The Michigan GOP enters the upcoming lame duck session knowing they will have a super-majority next year after the pickup of four house seats and one senate seat in the general election. Thirty legislators will have one more chance to make a mark on the state before they return to civilian life due to term limits.
While infrastructure looks to be a central focus of the state’s GOP — something labor officials are excited about — it is possible that outgoing legislators will use their last days in office to try to repeal the state’s prevailing wage laws — something labor officials are fiercely opposed to.
Political analyst Bill Ballenger told MichiganRadio.org that prevailing wage repeal, “has been a long-sought goal of the business community and conservative Republicans over the years.”
Outgoing Senate Majority leader Randy Richardville told MLive.com that he is not interested in repealing the law and does not expect the law to be taken up in the lame duck session. However, in what is perhaps a bit of evil foreshadowing, newly elected Senate Majority Leader Arlan Meekhof countered: “He is the majority leader until the end of the year, and the majority leader will set the agenda.”
As a member of the state Senate, Meekhof was the chief sponsor of a bill to repeal the prevailing wage. He, too, says the issue is not on his agenda. Oddly for Michiganders, though, this promise is as much cause for concern as it is a comfort. Gov. Rick Snyder famously uttered those very words before signing off on “right-to-work” legislation two lame duck sessions ago.
On the positive side of speculation, there is the infrastructure issue. Roads became a central theme of the 2014 elections and the GOP understands that if they do not take action at year’s end they will have to answer to constituents when they return from Lansing to their districts. The state has some of the worst roads in America.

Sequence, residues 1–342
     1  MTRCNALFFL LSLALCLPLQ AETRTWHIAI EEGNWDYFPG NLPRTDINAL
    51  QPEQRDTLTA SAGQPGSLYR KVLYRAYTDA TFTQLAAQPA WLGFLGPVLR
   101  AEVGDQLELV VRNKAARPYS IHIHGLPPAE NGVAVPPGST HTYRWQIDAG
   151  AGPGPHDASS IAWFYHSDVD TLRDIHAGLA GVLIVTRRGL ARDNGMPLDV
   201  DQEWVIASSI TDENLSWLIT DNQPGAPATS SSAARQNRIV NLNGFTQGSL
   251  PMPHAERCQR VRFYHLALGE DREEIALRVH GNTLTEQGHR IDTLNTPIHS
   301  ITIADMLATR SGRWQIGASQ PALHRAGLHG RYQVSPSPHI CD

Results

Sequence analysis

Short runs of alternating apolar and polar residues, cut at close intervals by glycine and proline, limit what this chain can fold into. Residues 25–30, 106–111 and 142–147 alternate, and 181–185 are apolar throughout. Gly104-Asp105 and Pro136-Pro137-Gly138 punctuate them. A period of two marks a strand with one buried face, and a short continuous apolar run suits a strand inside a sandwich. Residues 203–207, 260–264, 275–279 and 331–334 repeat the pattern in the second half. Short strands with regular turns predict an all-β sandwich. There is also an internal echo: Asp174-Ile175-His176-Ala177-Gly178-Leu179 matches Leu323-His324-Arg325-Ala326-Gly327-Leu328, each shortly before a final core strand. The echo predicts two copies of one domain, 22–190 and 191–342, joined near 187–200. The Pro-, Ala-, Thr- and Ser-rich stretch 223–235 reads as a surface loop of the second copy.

Bridge Magazine laid out the situation facing both Michigan lawmakers and drivers: “Michigan spends less per capita on its roads than any other state in the nation. Michigan spends $174 per person annually on transportation. Our neighbors in Illinois and Ohio each spend $235. Minnesota spends $315.”
A majority of the public is willing to pay more in taxes for better roads, according to polling and community conversations sponsored by The Center for Michigan, a nonpartisan think-tank which publishes Bridge Magazine.
“The state doesn’t have $1 billion (the amount Snyder says is needed) lying around in its couch cushions, and there’s little agreement about where to find the money. Snyder has proposed an increase in the gas tax and in auto registration fees, but that will be an even tougher sell in 2015 with additional Tea Party members in the Legislature. That’s one reason Snyder, less than 12 hours after being re-elected, said he would push for road funding in lame duck, with the hopes that term-limited legislators who didn’t want to raise taxes before the election will be willing to do so now.”
State Rep. Bill Rogers concurred that roads will be the major issue, although he does not know if answers to the complex issue of financing road projects will be found during the lame duck. “I expect there will be something done about roads. I don’t know if we’ll come up with a 100 percent solution, but we could provide a start for those coming in.”
For Democrats, passage of a roads bill in the lame duck session may be more favorable than the framework being created by the next group of legislators. The concern is that the $1 billion needed to improve roads will be cited by the far right as a reason to repeal the prevailing wage in the name of offsetting costs.
Ballenger expects any attempt at repeal to bring a swift and strong response from the left, he told Michigan Radio: “If Republicans move to repeal prevailing wage, they can expect unions to react the same way they did to the passage of the right-to-work law and bring cries of bloody murder from the Democrats if that happens.”
(From We Party Patriots, a pro-union blog)